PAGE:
Trump: Doubling down on immigration
So much for the “pivot,” said Eugene Robinson in The Washington Post. After Donald Trump’s visit to Mexico last week, where he did “his best to sound sober and statesmanlike” in a meeting with President Enrique Peña Nieto, it looked as though Trump’s promised “softening” on immigration had finally arrived. Later that day, however, the old Trump resurfaced with a vengeance in Phoenix. At a raucous rally for supporters, the GOP nominee reiterated his pledge that our southern border will be secured by an “impenetrable, physical, tall, powerful, beautiful” wall, while also promising to hire 5,000 new border patrol agents and create a “special deportation task force.” On “day one” of his presidency, Trump shouted, his administration will start deporting illegal immigrants who have committed crimes in this country—a number Trump wildly inflated to 2 million. Once these “criminal aliens” are gone, as well as an estimated 4.5 million who have outstayed their visas, Trump will apparently turn his attention to the remaining 6 million illegal immigrants, who may or may not be given a path to legalization.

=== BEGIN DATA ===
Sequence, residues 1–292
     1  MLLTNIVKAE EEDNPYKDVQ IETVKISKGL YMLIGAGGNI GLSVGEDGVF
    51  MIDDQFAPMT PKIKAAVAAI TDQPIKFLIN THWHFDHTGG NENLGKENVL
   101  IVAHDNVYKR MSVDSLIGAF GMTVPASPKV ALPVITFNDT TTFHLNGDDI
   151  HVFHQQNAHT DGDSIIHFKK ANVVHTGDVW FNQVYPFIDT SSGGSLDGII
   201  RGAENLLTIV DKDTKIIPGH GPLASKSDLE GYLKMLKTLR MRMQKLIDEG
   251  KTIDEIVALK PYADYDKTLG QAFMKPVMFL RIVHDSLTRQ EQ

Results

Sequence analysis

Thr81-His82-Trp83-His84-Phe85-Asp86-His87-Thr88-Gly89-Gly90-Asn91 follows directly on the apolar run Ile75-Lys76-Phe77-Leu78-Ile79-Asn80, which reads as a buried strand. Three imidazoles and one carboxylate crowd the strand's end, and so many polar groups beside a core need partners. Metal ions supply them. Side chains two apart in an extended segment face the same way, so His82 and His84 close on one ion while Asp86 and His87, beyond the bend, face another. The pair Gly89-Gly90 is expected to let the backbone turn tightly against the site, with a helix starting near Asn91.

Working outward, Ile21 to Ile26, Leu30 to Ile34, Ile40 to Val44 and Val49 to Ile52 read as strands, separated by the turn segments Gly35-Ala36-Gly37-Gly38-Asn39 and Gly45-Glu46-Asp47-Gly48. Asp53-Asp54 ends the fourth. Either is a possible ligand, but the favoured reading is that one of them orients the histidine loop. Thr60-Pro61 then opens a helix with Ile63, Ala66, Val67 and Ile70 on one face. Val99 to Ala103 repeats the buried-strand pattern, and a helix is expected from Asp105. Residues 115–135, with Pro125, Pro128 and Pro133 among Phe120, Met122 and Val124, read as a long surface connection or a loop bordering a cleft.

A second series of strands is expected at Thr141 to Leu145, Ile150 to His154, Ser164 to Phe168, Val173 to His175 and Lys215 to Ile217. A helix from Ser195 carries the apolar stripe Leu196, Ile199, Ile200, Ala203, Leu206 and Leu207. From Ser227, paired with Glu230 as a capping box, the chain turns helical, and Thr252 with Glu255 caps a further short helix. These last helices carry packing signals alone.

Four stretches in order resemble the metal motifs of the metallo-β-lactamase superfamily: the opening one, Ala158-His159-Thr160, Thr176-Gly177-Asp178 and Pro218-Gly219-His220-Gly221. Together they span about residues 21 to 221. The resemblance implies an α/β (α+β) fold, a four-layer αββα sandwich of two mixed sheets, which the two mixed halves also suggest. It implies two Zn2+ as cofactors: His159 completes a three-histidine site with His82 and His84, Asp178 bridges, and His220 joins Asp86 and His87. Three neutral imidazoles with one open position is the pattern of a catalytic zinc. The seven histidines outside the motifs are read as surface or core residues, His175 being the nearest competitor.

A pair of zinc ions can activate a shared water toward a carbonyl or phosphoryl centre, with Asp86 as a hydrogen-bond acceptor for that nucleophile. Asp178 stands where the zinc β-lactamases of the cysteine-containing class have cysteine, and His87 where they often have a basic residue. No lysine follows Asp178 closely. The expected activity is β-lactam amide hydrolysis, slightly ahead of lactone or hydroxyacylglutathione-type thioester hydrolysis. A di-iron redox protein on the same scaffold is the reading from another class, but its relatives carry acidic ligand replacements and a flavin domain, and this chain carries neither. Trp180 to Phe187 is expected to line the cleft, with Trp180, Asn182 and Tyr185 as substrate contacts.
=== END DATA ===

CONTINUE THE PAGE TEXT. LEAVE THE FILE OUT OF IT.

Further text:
Trump’s Phoenix speech sounded “threatening,” said Rich Lowry in Politico.com, but “beneath the bombast” this was actually one of the more substantive and sensible speeches on immigration we’ve ever heard from a presidential nominee. Prioritizing border security and the deportation of criminal aliens makes a lot of sense, as does Trump’s insistence that U.S. immigration policy serve the interests of America and its workers, not the welfare of foreigners. Trump’s earlier promises to deport all 11.5 million illegal immigrants were never more than fantasy, said Charles Krauthammer in The Washington Post. Out of political necessity, he has found his way to “the only immigration solution” that makes any sense: Secure the borders first, aggressively enforce current immigration law to get rid of the bad guys, and only then offer legalization to those who meet our terms.